5. Also, I have means of arriving at a designated spot through mines and secret winding passages constructed completely without noise, even if it should be necessary to pass underneath moats or any river.
6. Also, I will make covered vehicles, safe and unassailable, which will penetrate the enemy and their artillery, and there is no host of armed men so great that they would not break through it. And behind these the infantry will be able to follow, quite uninjured and unimpeded.
Da Vinci answers the ‘so what?’ question: the reader of your CV must be able to see the relevance of what you say to his/her needs, they should not read something and think ‘so what?’. Why does a Regent need an engineer capable of constructing tunnels or covered vehicles? So his troops can travel safely. Why does a graduate employer care about your ability to work in a team? Because it is a vital and integral part of the job you are applying for.
7. Also, should the need arise, I will make cannon, mortar and light ordnance of very beautiful and functional design that are quite out of the ordinary.
8. Where the use of cannon is impracticable, I will assemble catapults, mangonels, trebuckets and other instruments of wonderful efficiency not in general use. In short, as the variety of circumstances dictate, I will make an infinite number of items for attack and defence.
9. And should a sea battle be occasioned, I have examples of many instruments which are highly suitable either in attack or defence, and craft which will resist the fire of all the heaviest cannon and powder and smoke.
Having covered the points that are likely to be useful most often first, Leonardo next moves onto those which, while still important, do not merit being at the top of the letter. You need to organise your own selling points in the order which will interest the reader, rather than putting those you are most proud of first.
10. In time of peace I believe I can give as complete satisfaction as any other in the field of architecture, and the construction of both public and private buildings, and in conducting water from one place to another.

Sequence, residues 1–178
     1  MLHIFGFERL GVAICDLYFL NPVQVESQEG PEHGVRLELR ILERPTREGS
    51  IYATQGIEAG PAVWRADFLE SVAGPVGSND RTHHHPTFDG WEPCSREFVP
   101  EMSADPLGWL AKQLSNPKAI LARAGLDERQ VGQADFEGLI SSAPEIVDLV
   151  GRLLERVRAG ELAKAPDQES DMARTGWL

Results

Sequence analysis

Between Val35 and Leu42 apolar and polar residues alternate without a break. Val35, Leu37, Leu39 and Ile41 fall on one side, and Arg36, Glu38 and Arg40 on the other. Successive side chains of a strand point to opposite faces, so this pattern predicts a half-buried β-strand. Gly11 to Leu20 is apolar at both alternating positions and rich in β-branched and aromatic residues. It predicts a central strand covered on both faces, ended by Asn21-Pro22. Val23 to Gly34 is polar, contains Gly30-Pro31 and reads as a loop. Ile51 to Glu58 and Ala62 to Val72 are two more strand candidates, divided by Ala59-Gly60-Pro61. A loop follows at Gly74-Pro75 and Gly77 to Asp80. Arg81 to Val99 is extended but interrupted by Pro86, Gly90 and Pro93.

Also I can execute sculpture in marble, bronze and clay. Likewise in painting, I can do everything possible as well as any other, whosoever he may be.
Da Vinci was certainly no slouch when it came to architecture, sculpture and painting, and he decided those talents were worth including in his letter in order to demonstrate that he would earn his keep in peace as well as in war. But peacetime skills were only given a small amount of space because Da Vinci thought they would not be as relevant to the Regent as his war-related skills.
Moreover, work could be undertaken on the bronze horse which will be to the immortal glory and eternal honour of the auspicious memory of His Lordship your father, and of the illustrious house of Sforza.
Good targeting! Ludovico Sforza may not have cared much about bronze sculpture in the normal course of events, but Da Vinci appealed to his vanity and gave a specific example of how his skills could be useful.
And if any of the above-mentioned things seem impossible or impracticable to anyone, I am most readily disposed to demonstrate them in your park or in whatsoever place shall please Your Excellency, to whom I commend myself with all possible humility.
Da Vinci’s skills claims may seem quite fantastic, but his offer to demonstrate any and all of his abilities gives them greater credibility. It is always vital to back up claims of skills with evidence.